San Jose Police Chief Eddie Garcia's application for a REAL ID was denied Thursday.
The police chief was born in Puerto Rico, which means he is a United States citizen. But because his birth certificate is an original from the U.S. territory, the DMV told him they couldn't process his application.
Garcia has been San Jose's top cop for four years, moving up the ranks from police officer. He is also a veteran, having served in the Army Reserves and the National Guard. Then came his trip Thursday to the DMV to apply for his REAL ID, and the chief was turned away.
"It was emotional for a while," Garcia said.
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Garcia said denying his certificate felt like the DMV was denying his identity as an American-born citizen.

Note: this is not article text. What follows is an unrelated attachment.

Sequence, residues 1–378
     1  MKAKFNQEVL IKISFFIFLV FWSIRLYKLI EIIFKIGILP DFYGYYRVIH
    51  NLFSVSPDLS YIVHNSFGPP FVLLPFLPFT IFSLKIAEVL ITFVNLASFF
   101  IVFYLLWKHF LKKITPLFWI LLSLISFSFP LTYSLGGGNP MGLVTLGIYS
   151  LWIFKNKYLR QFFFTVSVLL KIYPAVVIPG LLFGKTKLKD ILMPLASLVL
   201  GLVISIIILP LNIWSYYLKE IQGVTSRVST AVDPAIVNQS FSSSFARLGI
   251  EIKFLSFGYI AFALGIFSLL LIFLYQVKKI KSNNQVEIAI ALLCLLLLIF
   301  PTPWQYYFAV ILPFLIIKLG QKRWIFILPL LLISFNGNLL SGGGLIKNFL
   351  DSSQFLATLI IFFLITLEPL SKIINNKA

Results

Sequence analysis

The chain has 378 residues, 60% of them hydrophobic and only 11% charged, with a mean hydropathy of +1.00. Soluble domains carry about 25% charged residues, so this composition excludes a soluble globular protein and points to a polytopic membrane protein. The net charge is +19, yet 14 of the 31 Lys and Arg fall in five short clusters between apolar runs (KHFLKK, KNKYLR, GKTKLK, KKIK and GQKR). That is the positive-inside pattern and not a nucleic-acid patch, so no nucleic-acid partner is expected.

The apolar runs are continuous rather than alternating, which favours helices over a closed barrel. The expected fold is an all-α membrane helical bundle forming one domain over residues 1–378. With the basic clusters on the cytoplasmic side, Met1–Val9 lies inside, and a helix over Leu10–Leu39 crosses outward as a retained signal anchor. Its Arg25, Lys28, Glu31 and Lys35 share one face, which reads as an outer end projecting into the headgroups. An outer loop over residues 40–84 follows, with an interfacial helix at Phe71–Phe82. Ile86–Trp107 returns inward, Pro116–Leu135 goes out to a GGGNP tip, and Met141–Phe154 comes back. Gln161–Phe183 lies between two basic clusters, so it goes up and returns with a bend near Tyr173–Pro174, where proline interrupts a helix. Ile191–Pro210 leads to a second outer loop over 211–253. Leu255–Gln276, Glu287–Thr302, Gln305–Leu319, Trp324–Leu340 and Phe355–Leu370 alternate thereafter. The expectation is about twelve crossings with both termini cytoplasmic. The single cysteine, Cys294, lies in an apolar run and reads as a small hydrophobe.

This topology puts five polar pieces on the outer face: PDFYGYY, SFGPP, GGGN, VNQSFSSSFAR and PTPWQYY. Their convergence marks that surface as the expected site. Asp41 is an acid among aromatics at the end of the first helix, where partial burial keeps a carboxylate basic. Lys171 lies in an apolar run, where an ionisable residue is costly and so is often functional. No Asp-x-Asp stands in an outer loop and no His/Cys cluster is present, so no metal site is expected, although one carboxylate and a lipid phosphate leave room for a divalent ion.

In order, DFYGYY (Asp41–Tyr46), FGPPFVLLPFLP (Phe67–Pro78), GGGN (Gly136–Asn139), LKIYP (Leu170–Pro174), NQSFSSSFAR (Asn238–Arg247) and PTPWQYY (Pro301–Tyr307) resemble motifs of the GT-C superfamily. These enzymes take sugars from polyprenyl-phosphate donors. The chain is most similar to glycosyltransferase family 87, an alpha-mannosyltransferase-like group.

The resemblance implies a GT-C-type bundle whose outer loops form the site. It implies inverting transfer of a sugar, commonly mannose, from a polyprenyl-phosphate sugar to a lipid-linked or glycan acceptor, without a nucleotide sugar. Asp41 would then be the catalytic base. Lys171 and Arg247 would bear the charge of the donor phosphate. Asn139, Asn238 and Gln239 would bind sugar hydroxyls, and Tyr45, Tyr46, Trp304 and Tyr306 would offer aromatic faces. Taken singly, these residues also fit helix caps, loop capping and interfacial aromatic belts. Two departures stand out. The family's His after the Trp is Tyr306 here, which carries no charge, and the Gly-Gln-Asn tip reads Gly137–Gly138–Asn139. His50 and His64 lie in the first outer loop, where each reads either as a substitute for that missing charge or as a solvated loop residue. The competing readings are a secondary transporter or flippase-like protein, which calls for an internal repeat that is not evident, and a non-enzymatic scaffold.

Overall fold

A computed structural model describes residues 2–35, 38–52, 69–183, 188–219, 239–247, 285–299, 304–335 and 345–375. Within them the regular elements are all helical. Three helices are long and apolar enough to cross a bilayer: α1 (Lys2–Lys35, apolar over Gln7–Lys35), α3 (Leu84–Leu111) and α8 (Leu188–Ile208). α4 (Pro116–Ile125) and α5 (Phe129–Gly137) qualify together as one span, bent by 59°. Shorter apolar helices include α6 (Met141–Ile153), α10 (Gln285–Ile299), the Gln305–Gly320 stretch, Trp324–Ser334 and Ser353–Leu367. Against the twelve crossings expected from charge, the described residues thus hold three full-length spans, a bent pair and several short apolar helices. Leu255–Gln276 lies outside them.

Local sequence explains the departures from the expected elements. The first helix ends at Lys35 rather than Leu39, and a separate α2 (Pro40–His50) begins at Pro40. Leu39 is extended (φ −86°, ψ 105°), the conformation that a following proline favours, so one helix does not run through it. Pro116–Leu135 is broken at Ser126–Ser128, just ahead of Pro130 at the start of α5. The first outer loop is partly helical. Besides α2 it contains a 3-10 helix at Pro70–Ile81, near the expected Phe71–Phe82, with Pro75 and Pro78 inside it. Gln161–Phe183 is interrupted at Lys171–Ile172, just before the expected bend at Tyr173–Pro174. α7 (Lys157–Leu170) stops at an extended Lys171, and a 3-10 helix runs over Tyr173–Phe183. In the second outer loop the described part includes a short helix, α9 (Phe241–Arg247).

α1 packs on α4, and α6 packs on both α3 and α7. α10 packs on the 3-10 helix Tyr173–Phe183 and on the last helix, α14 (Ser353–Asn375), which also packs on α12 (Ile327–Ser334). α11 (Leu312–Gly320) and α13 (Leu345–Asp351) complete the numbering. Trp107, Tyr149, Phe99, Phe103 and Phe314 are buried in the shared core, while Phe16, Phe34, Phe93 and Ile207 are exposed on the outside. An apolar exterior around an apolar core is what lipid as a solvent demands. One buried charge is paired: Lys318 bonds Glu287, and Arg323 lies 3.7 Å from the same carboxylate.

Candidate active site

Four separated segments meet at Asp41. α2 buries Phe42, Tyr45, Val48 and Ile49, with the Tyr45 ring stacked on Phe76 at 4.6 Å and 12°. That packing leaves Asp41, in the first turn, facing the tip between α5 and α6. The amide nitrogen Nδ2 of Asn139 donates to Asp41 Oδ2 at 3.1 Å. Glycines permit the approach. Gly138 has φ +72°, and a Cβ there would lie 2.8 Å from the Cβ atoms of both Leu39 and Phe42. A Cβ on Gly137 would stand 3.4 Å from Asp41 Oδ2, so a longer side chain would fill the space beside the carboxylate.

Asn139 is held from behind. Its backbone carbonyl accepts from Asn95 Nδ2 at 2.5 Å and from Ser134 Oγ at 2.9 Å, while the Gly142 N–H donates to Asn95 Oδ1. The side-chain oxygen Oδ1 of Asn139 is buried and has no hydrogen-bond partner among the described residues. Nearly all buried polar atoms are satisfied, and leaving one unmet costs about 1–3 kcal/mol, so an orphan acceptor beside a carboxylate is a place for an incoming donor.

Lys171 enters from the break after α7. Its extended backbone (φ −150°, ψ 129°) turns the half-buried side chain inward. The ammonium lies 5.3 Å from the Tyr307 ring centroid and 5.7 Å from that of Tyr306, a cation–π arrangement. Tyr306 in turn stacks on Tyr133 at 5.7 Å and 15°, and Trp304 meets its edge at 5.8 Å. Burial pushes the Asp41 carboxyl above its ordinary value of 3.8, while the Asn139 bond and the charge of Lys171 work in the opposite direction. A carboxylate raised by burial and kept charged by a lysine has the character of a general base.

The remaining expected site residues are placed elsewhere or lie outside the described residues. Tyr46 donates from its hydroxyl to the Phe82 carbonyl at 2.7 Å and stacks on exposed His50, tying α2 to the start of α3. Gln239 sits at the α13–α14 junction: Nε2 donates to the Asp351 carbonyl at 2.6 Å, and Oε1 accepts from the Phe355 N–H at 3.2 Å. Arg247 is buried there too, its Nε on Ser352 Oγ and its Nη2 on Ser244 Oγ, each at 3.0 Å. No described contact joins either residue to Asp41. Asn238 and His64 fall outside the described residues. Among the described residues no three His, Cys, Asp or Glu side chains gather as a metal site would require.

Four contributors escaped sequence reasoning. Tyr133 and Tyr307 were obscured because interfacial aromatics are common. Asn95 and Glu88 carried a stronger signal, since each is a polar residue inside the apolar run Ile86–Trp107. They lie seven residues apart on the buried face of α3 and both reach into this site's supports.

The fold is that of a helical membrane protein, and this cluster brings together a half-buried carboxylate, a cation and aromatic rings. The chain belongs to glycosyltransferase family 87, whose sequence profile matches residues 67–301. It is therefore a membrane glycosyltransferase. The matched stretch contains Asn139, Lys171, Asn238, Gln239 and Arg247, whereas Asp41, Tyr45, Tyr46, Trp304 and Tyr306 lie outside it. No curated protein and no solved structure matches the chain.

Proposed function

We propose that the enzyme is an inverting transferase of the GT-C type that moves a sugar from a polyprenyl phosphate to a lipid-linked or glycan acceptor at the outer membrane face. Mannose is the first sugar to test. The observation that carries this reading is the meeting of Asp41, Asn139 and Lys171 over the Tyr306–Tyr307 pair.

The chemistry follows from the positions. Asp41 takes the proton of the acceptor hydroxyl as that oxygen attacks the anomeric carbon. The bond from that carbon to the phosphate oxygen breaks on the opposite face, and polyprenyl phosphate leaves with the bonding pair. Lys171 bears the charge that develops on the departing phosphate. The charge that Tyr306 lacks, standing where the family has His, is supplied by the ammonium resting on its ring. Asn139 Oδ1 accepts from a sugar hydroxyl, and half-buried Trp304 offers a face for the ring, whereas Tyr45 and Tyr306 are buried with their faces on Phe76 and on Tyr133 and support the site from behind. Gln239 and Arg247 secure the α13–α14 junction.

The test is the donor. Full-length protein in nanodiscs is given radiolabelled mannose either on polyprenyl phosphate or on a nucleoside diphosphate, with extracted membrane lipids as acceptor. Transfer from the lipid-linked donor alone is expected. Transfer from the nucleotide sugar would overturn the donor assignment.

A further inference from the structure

"Being turned away because, the inference I got, is that I wasn't American and not from the U.S., stung," he said.
After doing some research, the chief discovered the reason for his denial.
It turns out the Department of Homeland Security deemed all birth certificates from Puerto Rico invalid if they were certified before 2010. That's because of a massive fraud scandal on the island involving birth certificate.
Garcia said he had no idea about the scandal or the government action.
"The reason they don't accept it is for absolute valid reasons," Garcia said. "I understand that. It needs to be communicated better."
Garcia said nowhere in the application process does it explain the requirement. He is hoping for more clarity by the DMV so no other Puerto Rican will feel the same humiliation he felt Thursday.
The chief spent the afternoon applying online for a new birth certificate. He admits the gut punch he felt Thursday is a feeling he will carry forever.
Garcia said he will use his experience to make sure whenever there is a new policy, he meets and communicates with the communities affected by that new policy so no one is left in the dark.